In lean management, what does Genchi Genbutsu mean? Why is it so important for your business? Learn the principles of “go and see” to better meet your customers’ needs and build a winning product.
Literally, Genchi Genbutsu means “go and see” in Japanese. It came from the famous Toyota Production System to figure out the reality of what’s happening. But how does it work in general, outside of manufacturing, and what does it mean for Lean Startup?
Why Genchi Genbutsu?
Once again, here are key questions to answer through Genchi Genbutsu:
- Do people actually have the problem you believe they have?
- Do they actually want what you’re offering?
- Are they willing to pay for it?
In the last chapter, we discussed how to robustly answer these questions – build a minimal prototype and study real customer behavior using the Build-Measure-Learn loop. We know that real customer actions are the best form of data.
But when you’re starting out, it’s often worthwhile to do a sanity check by spending time with potential customers. In Japanese manufacturing, they call this “genchi gembutsu” – “go and see for yourself.”
It’s really easy to see yourself as the next Steve Jobs and assume everyone’s going to love what you’re building. This is wishful thinking. You need to do a reality check. Go out of the building and talk to real people. This is Genchi Genbutsu.
In the worst case, you find out you were exactly on the right track, and you can build with renewed confidence. In the best case, you discover you were totally wrong about what your target customer wanted and switch to a new product strategy.
Genchi Genbutsu Anecdote: Toyota Sienna
The Toyota Sienna minivan’s biggest market is North America. The chief engineer in charge of the 2004 Sienna, Yuji Yokoya, knew woefully little about American habits and problems.
In response, he proposed a national road trip spanning 53,000 miles, covering all fifty US states, all thirteen provinces of Canada, and all states of Mexico. He drove a Sienna and talked to real Toyota customers.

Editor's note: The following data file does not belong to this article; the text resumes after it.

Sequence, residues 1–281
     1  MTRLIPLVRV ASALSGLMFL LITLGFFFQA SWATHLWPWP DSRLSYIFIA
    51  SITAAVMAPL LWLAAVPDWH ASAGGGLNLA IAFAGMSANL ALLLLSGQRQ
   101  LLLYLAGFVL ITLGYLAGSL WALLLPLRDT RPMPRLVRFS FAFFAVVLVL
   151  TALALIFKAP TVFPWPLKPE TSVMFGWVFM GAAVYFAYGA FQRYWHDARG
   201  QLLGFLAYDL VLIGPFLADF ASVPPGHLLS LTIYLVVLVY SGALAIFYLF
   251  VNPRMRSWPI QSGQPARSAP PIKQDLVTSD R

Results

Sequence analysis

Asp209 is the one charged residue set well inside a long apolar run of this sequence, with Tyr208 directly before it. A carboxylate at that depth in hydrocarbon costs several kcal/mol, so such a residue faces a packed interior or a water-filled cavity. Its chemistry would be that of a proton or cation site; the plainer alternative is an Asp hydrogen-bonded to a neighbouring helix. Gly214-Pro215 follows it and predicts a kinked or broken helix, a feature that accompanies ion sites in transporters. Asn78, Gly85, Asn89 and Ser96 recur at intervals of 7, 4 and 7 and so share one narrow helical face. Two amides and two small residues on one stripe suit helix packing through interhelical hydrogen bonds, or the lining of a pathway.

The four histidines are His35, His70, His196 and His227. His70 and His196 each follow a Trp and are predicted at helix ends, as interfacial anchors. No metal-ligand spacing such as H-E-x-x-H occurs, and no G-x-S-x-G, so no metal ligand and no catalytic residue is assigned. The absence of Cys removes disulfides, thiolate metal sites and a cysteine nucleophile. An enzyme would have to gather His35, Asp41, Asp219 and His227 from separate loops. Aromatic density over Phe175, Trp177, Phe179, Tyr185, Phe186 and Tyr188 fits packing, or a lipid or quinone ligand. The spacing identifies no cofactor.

Through this Genchi Genbutsu trip, Yokoya found that making kids happy was vital. Even though parents pay for the car, the kids are the most critical customers, particularly on long road trips. As a result, Yokoya revamped the car interior, raising its comfort and convenience levels.
If Yokoya can make a trans-Atlantic, 53,000 mile trip to learn more about his customers, you can pick up the phone and set up coffee meetings for Genchi Genbutsu. What’s the worst that can happen? In the worst case, your hypotheses turn out to be spot on, and you can march forward confidently. In the best case, you find customers actually don’t have the problem you thought they did.
Here’s my personal advice on how to get the most out of these interviews:
- Focus on finding early adopters for your first phase of Genchi Genbutsu. These are the people who face the biggest pain, who are most likely to use your product first, and who will love you most when you solve their problems. If you interview a later adopter who just doesn’t have the burning problem, you may receive too much discouraging negative feedback.
- Focus on clarifying their problem, not testing your solution. There are two reasons. 1) People often articulate their problems better than they can envision the solutions. They know what’s painful, but they aren’t sure exactly how to fix it. 2) You need to be open to the possibility that you misunderstand the customer problem. Almost certainly there will be nuances to the problem you hadn’t previously appreciated. If you focus on gauging whether your solution is acceptable, you’ll be too tempted to fit a square peg in a round hole and ignore the underlying lack of fit.
- Don’t adjust your procedure after every interview. The key to statistics is collecting enough data points to make good inferences. If one person says your idea is terrible, treat that as just one person and collect more data points. (Now if ten out of ten early adopters say your idea is terrible, you may have to change your idea).
If you collect sufficient data to feel like you need to change your idea, it’s worth iterating through Build-Measure-Learn a few times at this stage, even without a product. Treat your interview as what you’re building, and modify your interview procedure based on how the feedback is pointing you.
After you’ve talked to potential customers through Genchi Genbutsu and feel just somewhat convinced that the problem you want to solve exists, it’s time to build and test. You will never have enough data to know for sure, but you should have some real data to give you confidence that people really want what you need.
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